Air Conditioner Buying Guide

A Guide To Discover The Best Air Conditioner For Your Home

The Greatest Appliances Air Conditioner Buying Guide shares all you need to know to make an intelligent decision before buying your next AC.

Our Air Conditioner Buying Guide realizes that, during the summertime when it starts getting hot outside, we worry about chilling out inside. If you do not have central air conditioning, an energy-efficient and cheaper alternative exists for you to cool one or two rooms with room air conditioners.




If you want to find the best air conditioners for your needs, be sure to check out our Air Conditioner Reviews. You should also check out all of our Appliance Buying Guides.

image of an LG window air conditioner for our air conditioner buying guide

When you’re stoked to beat the summer heat, you are in plenty of company: Believe it or not, over 6.5 million window air conditioners are bought every year. On average, 13% of the average annual utility bills are due to cooling systems.

Therefore, choosing the best air conditioner unit is critical for you. If you buy an AC unit that is too small, you will find yourself still sweltering in the heat because it will fail to properly cool the room.

On the other hand, if you find an air conditioner that is too large, it will likely cool the room too quickly to allow for the removal of moisture. Your end result is being in a clammy and cold space. Yuck!

Our Air Conditioner Buying Guide Lists Things To Take Into Consideration

Notice How Loud The Unit Is

ACs that scored excellent or very good in our noise tests quiet enough that just about the only sound you may hear is the running of the fan. According to our Air Conditioner Buying Guide, the quieter the better.




Air conditioners which only scored fair for noise might wake you up if you’re a light sleeper, even when set on low, and are just too loud to rest peacefully if the unit is set on high.

man considering installation of window air conditionerConsider the Window Location

Window air conditioners typically do a better job blowing air in one direction. That can be an issue if your window isn’t located on the center of the wall. To cool a room in a manner which is uniform, you’ll want to direct air to the center of the room, so identify whether or not your air conditioner should be blowing air to the left or to the right. A number of models come equipped with fan arms that you can swivel.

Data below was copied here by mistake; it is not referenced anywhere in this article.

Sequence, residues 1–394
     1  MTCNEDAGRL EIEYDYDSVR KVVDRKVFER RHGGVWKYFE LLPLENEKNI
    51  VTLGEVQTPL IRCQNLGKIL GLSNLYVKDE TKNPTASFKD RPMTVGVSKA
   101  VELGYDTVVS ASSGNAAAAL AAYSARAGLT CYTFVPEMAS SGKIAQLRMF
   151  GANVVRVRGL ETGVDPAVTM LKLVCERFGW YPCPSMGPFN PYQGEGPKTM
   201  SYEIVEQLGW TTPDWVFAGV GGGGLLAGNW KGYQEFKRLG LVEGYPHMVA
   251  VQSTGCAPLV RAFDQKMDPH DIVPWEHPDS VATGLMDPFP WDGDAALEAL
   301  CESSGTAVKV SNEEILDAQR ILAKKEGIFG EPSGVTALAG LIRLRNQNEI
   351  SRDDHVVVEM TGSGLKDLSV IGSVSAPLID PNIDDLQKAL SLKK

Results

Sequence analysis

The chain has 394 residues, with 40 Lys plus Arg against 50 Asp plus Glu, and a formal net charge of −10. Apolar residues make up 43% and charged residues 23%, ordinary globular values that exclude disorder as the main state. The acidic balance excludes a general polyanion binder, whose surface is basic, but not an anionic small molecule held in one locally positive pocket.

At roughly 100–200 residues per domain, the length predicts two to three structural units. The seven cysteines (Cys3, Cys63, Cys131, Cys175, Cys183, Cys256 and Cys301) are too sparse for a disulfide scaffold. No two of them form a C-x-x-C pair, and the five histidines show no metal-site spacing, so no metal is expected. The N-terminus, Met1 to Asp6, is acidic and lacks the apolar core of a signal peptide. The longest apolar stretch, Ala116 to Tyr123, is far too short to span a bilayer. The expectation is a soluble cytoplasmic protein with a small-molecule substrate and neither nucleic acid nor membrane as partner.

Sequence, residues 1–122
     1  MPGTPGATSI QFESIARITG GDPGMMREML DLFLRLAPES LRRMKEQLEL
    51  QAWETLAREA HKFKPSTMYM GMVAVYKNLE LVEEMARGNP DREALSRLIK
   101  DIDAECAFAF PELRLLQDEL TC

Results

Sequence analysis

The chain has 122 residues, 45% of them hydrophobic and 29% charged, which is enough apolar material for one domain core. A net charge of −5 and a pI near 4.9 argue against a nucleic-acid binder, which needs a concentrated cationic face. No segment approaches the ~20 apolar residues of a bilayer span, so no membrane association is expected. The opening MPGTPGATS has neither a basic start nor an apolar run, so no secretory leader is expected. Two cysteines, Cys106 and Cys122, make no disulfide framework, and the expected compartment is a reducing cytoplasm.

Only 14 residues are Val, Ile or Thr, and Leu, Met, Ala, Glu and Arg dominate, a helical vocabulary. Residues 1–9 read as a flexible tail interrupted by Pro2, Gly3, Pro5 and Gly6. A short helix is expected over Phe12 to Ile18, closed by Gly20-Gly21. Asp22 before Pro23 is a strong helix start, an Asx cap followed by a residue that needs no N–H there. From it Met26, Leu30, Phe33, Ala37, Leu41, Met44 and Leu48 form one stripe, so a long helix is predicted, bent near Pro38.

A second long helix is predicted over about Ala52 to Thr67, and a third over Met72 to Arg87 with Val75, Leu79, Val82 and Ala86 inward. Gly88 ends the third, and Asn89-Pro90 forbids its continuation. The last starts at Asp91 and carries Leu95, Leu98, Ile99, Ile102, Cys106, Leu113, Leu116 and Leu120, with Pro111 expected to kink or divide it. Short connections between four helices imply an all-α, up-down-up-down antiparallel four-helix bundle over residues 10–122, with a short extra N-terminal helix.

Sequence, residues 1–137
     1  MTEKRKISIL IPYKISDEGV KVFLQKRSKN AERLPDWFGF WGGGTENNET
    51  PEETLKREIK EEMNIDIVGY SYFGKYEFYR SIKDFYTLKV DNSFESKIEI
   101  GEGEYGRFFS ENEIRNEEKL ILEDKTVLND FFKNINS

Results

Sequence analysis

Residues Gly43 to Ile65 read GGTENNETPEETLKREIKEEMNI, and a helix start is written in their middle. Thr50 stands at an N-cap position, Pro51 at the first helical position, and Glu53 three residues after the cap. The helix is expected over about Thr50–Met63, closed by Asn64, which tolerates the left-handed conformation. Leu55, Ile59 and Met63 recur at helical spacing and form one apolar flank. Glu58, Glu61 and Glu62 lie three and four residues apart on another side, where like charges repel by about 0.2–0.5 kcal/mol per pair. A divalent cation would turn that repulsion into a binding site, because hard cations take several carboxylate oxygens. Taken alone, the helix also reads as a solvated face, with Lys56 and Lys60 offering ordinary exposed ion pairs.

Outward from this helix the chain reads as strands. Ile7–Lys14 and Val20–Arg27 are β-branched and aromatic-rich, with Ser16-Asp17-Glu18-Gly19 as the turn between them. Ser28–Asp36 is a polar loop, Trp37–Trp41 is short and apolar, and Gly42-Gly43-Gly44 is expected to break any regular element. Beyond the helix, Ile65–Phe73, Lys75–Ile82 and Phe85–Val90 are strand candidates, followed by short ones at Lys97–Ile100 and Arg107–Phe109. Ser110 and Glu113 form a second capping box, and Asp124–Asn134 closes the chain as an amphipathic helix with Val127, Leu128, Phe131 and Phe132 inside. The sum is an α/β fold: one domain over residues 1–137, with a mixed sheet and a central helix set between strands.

Ensure Correct Installation

In order to get the most bang for your buck with a window AC, you will want to ensure you have it installed properly. The majority of window units are made for double-hung windows. However, you may want to think about getting a through-the-wall AC if you have casement windows.

You also want to be sure that your window unit is able to drain properly. This requires it be level. You will also need to move and devices that generate heat, such as a lamp or a television.

Locate the Filter

Be certain that you’re able to easily access the filter in order to clean it, something you will have to do constantly in order to keep the unit in the best condition possible.

Smart Air Conditioners

A number of air conditioners have gotten more intelligent, giving you the ability to adjust and control them from your smartphone. You will be able to interconnect them to other cooling units throughout your house.

Keep an Eye on the Warranty

Certain air conditioners have longer warranties than others. Prior to purchasing a new AC, be sure to check out the manufacturer’s website to get any information about the warranty for the brand and model that you’re interested in buying. Also, ask the retailer about the warranty as well.

Our Air Conditioner Buying Guide Suggests You Find Out What Size You Need

Prior to getting into the weeds of price and features, begin by making a determination of the size of unit you have to buy for the area you need to cool, as well as where the unit will be placed. Window air conditioners possess cooling capabilities that range from as low as 5,000 up to 12,500 British thermal units (Btu).




A general rule of thumb to follow, an air conditioner requires 20 Btu for each square foot of living space. To measure your room, multiply the length of the room by the width. But don’t buy based off of Btu alone. Energy Star suggests that you take into account other considerations — like the height of the ceiling, the location of where the unit will be installed, and the size of your doorways and windows.

  • When the room is shaded heavily, decrease capacity by 10 percent.
  • If the room is very sunny, raise capacity by 10 percent.
  • When the room is occupied by more than 2 people, give an extra 600 Btu for each extra person.
  • If the AC is going to be installed in a kitchen, raise the capacity by 4,000 Btu.

Our Air Conditioner Buying Guide Helps Determine Which Model is for you

A number of the smaller window air conditioners typically cost less than $200, making them easy to select—however only when you need to cool a very small area. If the area you need to cool is larger, you should focus your reviews on air conditioners that are more of a match to the amount of square footage of the area.

Just about all the window units we examined meets the most recent Energy Star standards, which requires them to use 15 % less of the energy than air conditioners that do not have Energy Star certification. The best models were very quiet when running, provided convenient controls, and were functional under brownout conditions.